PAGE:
MRSC Insight Blog
Posts for Sign Control
The 2015 ruling in Reed v. Town of Gilbert made on-/off premise sign regulation more challenging for local governments. A new ruling in City of Austin v. Reagan National Advertising clarifies content-based regulations, giving local governments some breathing room.
This blog post provides a brief refresher on how a jurisdiction may regulate temporary, campaign-related signs in a post-Reed v. Gilbert environment.
On August 16, the Ninth Circuit Court of Appeals issued its opinion in Contest Promotions v. City and County of San Francisco, providing its first official guidance on the question of whether Reed v. Town of Gilbert controls the regulation of commercial speech as well as noncommercial speech. In this blog post, MRSC Legal Consultant Robert Sepler gives an overview of this case.
Reed presents a significant problem for local governments because most, if not all, sign codes adopted before that decision regulate categories of signs based on content, such as a category for political or real estate signs. Even though the Reed decision was issued over a year ago, local governments are still struggling with how to revise their sign codes to comply with its holding. Today’s blog post will consider how Reed may affect the regulation of political and other types of temporary signs going forward.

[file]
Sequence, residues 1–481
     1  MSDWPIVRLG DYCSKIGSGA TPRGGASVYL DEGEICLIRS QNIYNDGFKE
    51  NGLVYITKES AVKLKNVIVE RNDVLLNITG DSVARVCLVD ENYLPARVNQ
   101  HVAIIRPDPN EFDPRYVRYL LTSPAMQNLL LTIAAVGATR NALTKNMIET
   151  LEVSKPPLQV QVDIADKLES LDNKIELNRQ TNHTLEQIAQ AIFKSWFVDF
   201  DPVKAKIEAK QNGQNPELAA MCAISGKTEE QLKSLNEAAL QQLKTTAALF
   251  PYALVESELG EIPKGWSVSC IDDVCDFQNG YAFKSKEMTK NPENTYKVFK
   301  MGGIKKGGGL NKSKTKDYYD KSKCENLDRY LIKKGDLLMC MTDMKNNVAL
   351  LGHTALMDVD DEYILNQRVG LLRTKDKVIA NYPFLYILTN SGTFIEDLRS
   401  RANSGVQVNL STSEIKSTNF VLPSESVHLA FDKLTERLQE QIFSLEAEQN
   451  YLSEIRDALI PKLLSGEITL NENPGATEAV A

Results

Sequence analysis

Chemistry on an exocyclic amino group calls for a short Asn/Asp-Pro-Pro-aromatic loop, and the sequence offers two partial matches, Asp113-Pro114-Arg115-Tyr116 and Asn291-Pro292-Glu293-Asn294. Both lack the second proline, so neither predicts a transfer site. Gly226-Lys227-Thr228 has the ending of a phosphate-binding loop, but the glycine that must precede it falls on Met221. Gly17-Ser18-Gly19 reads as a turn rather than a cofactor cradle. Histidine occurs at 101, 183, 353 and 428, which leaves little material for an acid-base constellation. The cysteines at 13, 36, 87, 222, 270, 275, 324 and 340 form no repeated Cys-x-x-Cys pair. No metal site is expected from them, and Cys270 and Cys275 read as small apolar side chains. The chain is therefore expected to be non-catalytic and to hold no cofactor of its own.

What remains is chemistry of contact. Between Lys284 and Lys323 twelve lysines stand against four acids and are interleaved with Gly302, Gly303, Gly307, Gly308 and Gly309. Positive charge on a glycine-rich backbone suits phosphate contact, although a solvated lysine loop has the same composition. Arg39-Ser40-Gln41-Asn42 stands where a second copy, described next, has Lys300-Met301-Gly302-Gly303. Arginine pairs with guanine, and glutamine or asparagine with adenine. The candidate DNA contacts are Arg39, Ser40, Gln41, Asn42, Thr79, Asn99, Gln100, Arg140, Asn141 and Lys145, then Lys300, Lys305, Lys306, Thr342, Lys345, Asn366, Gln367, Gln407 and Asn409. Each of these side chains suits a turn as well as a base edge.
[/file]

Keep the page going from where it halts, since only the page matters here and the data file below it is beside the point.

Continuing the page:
Practical tips for how to update your sign code in order to address the implications of the recent Reed v. Town of Gilbert case.
After the U.S. Supreme Court released its decision in Reed v. Town of Gilbert four months ago striking down that Arizona town’s sign code as being unconstitutionally content-based, some commentators, including one from The New York Times, were quick to raise the alarm that the decision would have consequences far beyond local sign codes. Although the decision has undoubtedly created uncertainty, it has not yet led to any such consequences so far in the Ninth Circuit, the federal circuit that includes Washington State.
On June 18, 2015, the U.S. Supreme Court ruled unanimously that an Arizona town’s sign code placed unconstitutional content-based restrictions on speech, in violation of the First Amendment. The court’s decision in Reed v, Town of Gilbert almost certainly places many sign ordinances throughout the state, and the country, on questionable legal footing.
A case study in integrating form-based and street graphic approaches into the sign code update for the City of Lacey.